After lunch, Gussy said he had to use the facilities and it would probably take awhile. He told Frenchy to head down the road and wait for him at the next intersection. Frenchy thought this was a rather unusual request, but did not mind. In fact, he actually relished the idea of walking by himself. It was more his style.
Frenchy got to the intersection and sat down on the porch of a deserted building. From the looks of it it was probably what was left of a small store. The porch was a little rickety, but the roof was in tact enough to keep him out of the drizzle. He placed his rucksack down and laid his head on it, expecting Gussy to be along any minute. He must have fallen asleep, because when he awoke it was dark and there was no Gussy.
Although he thought it rather strange, he decided to get something to eat and then make sort out his options. A mile or so down the road there was a tavern. Frenchy stopped in and inquired if there had been another man dressed in the same outfit passing through. The barkeep looked at him in his cowboy hat and overalls and wondered what was going on. "Nah, never seen nobody dressed like that before, and expect that I'll never see anybody dressed that way again," he said almost bursting into laughter.
Frenchy did not appreciate his humor, but did understand the mans feelings. He sat down, ordered a beer and a ham sandwich and waited some more. After an hour he had made up his mind. He was pretty sure that Gussy had also quit, and like Charles did not have the balls to tell him. Oh well, no sweat off his back. He still had a few dollars left from the fiver. he would just continue the adventure his way.
Frenchy walked up to Jenkintown, Pennsylvania, which was only a few miles away and hopped a freight train. It turned out the train was heading south and he wound up in Roanoke, Virginia.
The flat car he was riding on was occupied by two other souls of the road. They all acknowledged each other and kept to themselves, until they heard the unmistakable sound of heavy hobnailed boots running on top of a boxcar. To an old rail traveler that meant only one thing, the railroad police. Almost at once the three of them were up and running to the far end of their flat car. They hopped over to the boxcar that was running behind and clambered up the ladder. As they were running along the top of the boxcar they could hear the rapport of the cops gun and hear the bullets whistle by their heads. He was getting too close. For a cop he sure was in shape.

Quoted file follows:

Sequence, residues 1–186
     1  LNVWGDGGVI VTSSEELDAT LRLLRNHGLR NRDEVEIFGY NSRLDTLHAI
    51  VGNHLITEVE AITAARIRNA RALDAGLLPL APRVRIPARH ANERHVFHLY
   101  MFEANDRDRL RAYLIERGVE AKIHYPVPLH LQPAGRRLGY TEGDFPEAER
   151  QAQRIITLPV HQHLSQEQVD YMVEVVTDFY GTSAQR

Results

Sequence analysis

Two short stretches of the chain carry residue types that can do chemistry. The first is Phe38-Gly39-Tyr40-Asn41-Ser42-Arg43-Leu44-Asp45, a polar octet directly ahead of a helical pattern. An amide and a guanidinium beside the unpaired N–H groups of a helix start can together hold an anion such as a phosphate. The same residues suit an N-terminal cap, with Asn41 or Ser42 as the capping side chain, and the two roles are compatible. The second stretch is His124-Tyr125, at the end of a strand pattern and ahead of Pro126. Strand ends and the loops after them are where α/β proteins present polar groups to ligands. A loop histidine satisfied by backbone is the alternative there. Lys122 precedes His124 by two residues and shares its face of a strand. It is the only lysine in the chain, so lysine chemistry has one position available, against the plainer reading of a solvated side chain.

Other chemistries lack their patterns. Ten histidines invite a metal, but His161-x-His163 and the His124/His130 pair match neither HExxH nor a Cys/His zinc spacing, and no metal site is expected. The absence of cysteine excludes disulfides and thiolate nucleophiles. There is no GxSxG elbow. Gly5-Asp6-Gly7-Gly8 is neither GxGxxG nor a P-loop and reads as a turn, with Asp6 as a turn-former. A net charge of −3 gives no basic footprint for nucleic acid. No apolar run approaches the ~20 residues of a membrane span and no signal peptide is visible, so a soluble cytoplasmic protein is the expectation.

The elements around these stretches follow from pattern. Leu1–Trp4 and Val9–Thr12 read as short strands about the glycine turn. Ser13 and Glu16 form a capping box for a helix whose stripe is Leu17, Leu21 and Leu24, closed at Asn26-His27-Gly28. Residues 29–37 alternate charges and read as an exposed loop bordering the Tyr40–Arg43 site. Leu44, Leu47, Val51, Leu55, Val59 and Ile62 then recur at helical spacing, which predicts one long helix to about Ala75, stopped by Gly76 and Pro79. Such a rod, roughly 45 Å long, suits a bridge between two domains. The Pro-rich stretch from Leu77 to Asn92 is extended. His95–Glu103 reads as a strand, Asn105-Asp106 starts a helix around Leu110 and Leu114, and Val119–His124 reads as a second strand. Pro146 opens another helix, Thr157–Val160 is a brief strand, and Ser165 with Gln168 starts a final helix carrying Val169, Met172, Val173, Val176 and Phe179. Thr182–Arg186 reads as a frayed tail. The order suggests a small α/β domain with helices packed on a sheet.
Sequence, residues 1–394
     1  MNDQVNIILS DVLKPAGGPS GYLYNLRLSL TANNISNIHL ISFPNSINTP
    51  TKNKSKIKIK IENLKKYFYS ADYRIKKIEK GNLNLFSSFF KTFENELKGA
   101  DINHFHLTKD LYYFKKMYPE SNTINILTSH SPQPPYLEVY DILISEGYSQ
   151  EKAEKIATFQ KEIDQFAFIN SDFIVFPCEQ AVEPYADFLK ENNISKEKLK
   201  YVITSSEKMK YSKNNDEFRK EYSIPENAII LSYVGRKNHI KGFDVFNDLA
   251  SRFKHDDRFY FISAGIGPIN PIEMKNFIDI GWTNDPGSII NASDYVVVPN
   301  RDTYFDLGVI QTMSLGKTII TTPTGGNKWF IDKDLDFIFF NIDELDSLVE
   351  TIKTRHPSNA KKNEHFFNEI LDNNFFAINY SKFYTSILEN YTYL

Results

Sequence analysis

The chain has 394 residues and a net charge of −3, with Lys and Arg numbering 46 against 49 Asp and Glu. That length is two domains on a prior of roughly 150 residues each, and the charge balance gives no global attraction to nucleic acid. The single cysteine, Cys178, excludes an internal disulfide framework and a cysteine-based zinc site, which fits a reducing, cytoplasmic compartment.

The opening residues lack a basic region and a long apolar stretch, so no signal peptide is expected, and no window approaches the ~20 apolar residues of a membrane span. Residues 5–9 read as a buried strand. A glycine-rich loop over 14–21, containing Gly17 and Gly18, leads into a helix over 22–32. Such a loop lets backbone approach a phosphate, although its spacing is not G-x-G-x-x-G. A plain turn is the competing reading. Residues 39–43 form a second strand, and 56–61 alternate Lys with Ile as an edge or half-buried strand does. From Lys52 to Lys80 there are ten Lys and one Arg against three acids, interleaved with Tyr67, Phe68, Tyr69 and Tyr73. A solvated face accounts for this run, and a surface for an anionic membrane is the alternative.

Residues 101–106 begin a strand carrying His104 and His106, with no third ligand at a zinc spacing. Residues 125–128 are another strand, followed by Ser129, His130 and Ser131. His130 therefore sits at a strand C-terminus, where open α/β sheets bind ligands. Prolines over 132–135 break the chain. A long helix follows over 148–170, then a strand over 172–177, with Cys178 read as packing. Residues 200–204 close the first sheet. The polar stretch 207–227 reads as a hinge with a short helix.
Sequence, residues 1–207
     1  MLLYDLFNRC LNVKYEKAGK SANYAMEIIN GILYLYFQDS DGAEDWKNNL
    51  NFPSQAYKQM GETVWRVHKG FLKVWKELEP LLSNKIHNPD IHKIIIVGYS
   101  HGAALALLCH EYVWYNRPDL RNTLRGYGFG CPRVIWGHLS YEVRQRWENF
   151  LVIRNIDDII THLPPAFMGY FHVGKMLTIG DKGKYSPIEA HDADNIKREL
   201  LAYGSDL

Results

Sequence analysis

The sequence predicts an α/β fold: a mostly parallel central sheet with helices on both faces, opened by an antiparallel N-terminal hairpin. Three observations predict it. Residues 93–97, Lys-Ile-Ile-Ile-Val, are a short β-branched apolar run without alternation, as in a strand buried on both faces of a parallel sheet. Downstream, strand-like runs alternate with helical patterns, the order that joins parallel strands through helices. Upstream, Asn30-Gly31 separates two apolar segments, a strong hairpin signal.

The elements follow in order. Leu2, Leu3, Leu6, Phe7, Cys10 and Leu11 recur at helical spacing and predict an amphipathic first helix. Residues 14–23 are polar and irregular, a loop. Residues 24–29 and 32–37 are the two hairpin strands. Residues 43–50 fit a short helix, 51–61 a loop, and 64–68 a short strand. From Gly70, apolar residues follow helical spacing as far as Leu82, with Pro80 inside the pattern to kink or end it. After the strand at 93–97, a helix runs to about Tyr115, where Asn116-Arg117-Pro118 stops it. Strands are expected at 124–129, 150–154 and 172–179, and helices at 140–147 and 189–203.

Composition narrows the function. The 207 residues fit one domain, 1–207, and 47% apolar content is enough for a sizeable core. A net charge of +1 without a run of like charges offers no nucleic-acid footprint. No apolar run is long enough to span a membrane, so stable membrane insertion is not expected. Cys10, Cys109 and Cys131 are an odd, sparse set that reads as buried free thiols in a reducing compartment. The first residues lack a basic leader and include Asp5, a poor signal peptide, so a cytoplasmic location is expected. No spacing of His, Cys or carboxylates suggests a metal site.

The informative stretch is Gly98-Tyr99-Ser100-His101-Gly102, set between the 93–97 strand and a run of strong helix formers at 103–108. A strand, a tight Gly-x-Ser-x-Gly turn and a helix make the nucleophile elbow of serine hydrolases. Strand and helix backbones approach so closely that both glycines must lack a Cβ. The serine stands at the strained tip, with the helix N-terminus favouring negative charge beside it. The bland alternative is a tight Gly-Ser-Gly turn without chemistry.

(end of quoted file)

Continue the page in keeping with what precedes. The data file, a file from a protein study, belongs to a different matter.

Frenchy looked over the side and saw that there was a pasture alongside. It looked like there was hay spread along the fence that ran parallel to the tracks. Without a moments hesitation, he jumped. Before he had reached the ground the others were also in the air. The object was to hit the ground and then tuck and roll. That way you would convert your momentum into a rolling momentum and not have your legs absorb all of the energy. That was the theory, and in fact it worked well many times for each of these three strangers, but this time it would be different. That hay that Frenchy had spotted was not hay but manure. When they hit they sank up to there knees, which more or less put an end to the tuck and roll idea. It was more like, hit, sink and then go face forward into the manure. The good news was that the railroad dick did not hit anyone, and hey, it was only manure. They checked their bodies for broken bones, had a good chuckle and started to look for a stream or river to wash up. They were alive and tomorrow would be another day.
Frenchy got cleaned up and then had a small epiphany. It was time for him to get home and start his life as a father. But the fates had one more surprise in store, a night in the slammer for vagrancy. Actually, he should have spent several months on a road gang, but fortunately for him there were just too many vagrants being arrested so a smart judge had him escorted to the county line, aimed at the railroad tracks heading North and Frenchy took the hint.
When Frenchy arrived home it was not to the warm or even cold welcome that he had expected. It was to an empty apartment. There was not even a note. The neighbors told him that Marian had taken little Willy to Boston to visit her parents. Frenchy new this was not a good sign. He thought about hopping a freight to Boston to try to talk his wife into returning but decided a letter would be better. He planned to write, get his old job back at the movie studio and prove to her that he was sincere this time.